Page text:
is gcc going nuts?

June 24, 2008 at 8:24 pm | Posted in Uncategorized | 9 Comments

Note: I’m no gcc expert, nor am I C++ standards expert so please bear with me if this reads a little bit like a rant. I’m really just surprised 🙂

So I’ve just built kdevelop and noticed an new warning:

/usr/include/c++/4.3/backward/backward_warning.h:32:2: warning: #warning This file includes at least one deprecated or antiquated header which may be removed without further notice at a future date. Please use a non-deprecated interface with equivalent functionality instead. For a listing of replacement headers and interfaces, consult the file backward_warning.h. To disable this warning use -Wno-deprecated.

Ok, no problem, it even tells me where to look to fix it. Very nice. So I went to the file and saw that one is supposed to use “unordered_map” instead of ext/hash_map. So I changed the relevant files to do that and rebuilt (I’m now using gcc 4.3 as Debian decided to change that recently). Now I’m getting:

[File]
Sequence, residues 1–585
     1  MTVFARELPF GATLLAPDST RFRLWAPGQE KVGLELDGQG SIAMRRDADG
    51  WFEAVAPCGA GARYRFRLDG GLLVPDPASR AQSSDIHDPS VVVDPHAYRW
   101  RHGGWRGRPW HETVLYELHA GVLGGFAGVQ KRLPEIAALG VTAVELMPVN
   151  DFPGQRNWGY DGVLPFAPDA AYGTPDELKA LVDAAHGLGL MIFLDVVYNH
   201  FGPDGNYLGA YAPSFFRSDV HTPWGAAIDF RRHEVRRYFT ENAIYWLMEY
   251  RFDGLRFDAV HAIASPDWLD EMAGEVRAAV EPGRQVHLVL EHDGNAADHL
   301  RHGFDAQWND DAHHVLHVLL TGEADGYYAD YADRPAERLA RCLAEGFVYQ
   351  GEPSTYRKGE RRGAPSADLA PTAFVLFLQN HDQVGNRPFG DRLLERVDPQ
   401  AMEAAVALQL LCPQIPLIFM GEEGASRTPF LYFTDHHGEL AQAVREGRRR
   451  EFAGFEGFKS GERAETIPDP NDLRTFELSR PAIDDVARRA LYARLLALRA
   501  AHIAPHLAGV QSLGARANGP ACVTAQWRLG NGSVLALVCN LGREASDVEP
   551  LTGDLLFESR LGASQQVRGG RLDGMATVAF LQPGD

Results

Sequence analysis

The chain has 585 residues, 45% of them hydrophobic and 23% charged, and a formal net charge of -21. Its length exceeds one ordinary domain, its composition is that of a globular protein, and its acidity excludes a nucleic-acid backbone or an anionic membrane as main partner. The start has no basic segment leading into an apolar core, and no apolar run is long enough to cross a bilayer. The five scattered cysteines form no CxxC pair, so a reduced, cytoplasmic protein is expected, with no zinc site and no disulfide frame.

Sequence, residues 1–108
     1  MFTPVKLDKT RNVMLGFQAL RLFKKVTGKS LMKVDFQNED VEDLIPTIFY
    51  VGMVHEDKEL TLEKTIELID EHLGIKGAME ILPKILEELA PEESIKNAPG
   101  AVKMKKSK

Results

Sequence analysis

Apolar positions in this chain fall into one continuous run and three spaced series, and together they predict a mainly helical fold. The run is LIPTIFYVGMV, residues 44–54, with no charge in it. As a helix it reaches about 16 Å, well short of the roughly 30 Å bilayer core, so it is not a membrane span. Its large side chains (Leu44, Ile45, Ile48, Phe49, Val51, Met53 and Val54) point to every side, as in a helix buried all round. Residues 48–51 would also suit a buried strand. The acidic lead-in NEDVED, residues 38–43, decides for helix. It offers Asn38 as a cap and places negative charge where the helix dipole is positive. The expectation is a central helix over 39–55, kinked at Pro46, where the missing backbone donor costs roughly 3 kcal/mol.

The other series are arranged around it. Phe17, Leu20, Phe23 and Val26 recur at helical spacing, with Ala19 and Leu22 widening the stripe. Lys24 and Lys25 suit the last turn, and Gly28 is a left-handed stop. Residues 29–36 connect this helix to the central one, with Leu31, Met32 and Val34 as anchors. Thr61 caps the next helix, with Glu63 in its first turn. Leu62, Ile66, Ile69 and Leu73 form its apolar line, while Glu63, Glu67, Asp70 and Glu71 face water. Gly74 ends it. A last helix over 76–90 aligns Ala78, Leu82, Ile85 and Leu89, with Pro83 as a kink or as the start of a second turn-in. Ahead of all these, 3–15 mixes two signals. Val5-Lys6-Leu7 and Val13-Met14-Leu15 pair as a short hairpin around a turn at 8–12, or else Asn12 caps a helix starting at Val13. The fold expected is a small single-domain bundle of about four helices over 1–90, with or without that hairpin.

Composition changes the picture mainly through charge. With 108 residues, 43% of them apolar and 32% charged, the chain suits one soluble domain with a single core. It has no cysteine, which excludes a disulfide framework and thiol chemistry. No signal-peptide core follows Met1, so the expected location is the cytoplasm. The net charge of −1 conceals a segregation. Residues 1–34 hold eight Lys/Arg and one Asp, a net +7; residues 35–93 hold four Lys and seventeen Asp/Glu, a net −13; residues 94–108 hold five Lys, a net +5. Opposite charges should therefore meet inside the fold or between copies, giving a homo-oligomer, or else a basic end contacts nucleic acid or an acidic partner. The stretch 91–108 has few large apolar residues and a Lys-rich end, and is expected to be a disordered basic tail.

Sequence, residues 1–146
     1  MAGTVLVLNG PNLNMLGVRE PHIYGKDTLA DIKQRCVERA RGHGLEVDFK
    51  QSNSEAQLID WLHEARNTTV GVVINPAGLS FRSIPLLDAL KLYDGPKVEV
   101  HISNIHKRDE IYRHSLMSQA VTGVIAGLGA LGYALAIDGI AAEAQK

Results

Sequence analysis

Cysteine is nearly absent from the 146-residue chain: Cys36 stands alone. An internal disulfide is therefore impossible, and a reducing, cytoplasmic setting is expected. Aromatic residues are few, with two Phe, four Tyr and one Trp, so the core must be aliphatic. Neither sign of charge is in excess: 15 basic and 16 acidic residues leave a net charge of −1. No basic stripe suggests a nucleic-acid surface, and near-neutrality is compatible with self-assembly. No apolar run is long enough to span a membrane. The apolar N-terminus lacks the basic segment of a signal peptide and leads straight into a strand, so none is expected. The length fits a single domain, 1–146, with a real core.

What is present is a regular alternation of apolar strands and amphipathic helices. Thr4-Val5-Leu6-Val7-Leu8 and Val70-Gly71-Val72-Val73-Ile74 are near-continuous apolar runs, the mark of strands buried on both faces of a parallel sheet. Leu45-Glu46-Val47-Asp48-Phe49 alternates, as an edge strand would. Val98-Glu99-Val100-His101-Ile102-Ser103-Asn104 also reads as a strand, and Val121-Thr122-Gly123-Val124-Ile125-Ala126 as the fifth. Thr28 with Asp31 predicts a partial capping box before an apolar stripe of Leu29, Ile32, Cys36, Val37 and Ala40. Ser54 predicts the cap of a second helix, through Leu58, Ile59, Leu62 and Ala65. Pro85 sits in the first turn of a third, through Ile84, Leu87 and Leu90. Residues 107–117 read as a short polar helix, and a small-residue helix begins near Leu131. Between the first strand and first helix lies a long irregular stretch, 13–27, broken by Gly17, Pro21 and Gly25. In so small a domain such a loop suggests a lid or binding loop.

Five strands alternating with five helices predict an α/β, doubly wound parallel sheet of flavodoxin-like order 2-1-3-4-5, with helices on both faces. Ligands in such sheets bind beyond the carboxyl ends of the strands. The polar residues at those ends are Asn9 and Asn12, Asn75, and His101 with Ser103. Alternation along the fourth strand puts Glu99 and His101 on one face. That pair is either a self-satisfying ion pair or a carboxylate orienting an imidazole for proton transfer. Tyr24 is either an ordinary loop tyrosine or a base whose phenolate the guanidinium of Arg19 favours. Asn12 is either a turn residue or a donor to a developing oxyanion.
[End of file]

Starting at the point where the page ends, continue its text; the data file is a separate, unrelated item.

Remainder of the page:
/usr/include/c++/4.3/c++0x_warning.h:36:2: error: #error This file requires compiler and library support for the upcoming ISO C++ standard, C++0x. This support is currently experimental, and must be enabled with the -std=c++0x or -std=gnu++0x compiler options.

And that leaves me pretty much stuck.

How come gcc developers deemed it a good idea to deprecate something and thus encourage users to change to non-deprecated code but at the same time mark this code as highly experimental and thus not ready for wide usage? That doesn’t look good, even if gcc won’t drop the header next week, at the point we’ll probably have to change a lot more code using it than we have now.

Ok, enough of that, I’ll revert my local changes and live happily with the warning, in the hope that I won’t be around when it gets dropped from gcc 🙂

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